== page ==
In response to the UK’s imposition of visa requirements on all South Africans in 2010, Department of Home Affairs minister, Malusi Gigaba, yesterday announced that South Africa will now enforce similar travel regulations on British nationals.
In what is set to be a tit-for-tat move by the South African government British officials and politicians will soon be required to comply with certain visa regulations before being granted access to the Republic at any of the country’s points of entry.
“The ‘reciprocal measure’ was taken in response to Britain’s introduction in 2010 of visa requirements for all South Africans, including the holders of diplomatic and official passports,” said Home Affairs Minister Malusi Gigaba.
Yet these requirements do not affect ordinary British citizens who will retain the right to travel to South Africa without a visa.
Gigaba elaborated that while the South African government had for years tried to convince Britain to drop or relax their visa requirements for South Africans, or at least for South African diplomats and government officials there had been no progress in this regard.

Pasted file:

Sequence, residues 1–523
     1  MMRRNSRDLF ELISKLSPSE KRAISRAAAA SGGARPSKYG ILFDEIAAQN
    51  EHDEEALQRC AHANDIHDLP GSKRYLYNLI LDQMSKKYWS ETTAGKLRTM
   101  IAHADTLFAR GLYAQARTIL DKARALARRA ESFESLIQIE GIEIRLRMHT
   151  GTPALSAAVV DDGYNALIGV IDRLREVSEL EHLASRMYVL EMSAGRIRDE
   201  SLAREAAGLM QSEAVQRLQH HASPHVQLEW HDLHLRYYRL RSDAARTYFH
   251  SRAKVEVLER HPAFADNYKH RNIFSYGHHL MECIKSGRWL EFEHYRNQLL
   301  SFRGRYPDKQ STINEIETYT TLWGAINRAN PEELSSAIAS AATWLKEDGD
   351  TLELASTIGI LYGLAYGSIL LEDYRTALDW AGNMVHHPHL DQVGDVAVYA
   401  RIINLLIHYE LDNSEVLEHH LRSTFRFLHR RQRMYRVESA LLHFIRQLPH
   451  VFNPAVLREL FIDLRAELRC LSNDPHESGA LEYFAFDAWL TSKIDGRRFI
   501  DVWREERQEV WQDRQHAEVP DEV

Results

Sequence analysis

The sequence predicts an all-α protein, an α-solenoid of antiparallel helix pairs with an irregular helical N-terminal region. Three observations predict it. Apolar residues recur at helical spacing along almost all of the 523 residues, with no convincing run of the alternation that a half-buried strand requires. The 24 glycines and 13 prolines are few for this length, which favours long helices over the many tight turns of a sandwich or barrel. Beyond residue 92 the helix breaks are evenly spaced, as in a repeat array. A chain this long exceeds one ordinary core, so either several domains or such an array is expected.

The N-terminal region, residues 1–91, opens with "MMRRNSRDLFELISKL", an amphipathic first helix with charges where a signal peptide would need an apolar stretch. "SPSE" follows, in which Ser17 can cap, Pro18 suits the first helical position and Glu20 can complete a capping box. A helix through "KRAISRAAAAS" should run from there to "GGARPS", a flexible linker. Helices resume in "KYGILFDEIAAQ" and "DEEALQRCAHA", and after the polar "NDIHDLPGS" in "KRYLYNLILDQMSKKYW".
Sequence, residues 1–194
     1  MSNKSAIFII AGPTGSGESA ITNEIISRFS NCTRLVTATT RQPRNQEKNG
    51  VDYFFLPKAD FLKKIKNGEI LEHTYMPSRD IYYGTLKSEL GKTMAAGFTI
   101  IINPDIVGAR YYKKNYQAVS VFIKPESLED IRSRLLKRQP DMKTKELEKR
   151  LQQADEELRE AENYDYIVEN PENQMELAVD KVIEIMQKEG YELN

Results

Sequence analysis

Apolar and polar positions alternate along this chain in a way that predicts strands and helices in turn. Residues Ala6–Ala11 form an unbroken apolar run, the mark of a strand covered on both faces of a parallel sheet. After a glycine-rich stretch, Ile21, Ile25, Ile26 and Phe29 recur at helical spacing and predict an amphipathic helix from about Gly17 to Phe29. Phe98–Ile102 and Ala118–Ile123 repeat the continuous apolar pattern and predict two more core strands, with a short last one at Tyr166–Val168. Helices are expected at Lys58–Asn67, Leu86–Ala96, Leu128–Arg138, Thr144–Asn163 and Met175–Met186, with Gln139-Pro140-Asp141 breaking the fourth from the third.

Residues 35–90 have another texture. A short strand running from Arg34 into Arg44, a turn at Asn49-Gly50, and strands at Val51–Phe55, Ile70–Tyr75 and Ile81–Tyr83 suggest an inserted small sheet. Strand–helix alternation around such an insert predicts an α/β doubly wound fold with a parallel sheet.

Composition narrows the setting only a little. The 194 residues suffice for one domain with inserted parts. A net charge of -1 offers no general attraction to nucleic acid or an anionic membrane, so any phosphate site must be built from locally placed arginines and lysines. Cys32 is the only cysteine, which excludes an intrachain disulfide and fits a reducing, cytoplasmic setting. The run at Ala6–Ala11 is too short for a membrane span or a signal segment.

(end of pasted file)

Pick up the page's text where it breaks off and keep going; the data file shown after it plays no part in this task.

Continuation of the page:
“We therefore decided that we would reciprocate as (that) is an international principle. We still have exempted the ordinary passport holders of Britain,” said Gigaba.
He added that South Africa have put the new rules in effect on 1 September and will continue to apply pressure to the British government to reach some sort of compromise.
“We would like a situation where the British would heed our request for them to re-introduce a visa exemption for South Africans but we are certainly not on our knees,” Gigaba said.
British officials wanting to visit South Africa — formerly part of the British empire — would have to apply in person for a visa at the South African High Commission in London.
“They are required to present themselves at the South African High Commission in London. Like everybody else they must apply in person and we will interview them. We will grant them a visa if we deem it necessary.”
He said government had been “lenient” on British officials because their visa applications would be free of charge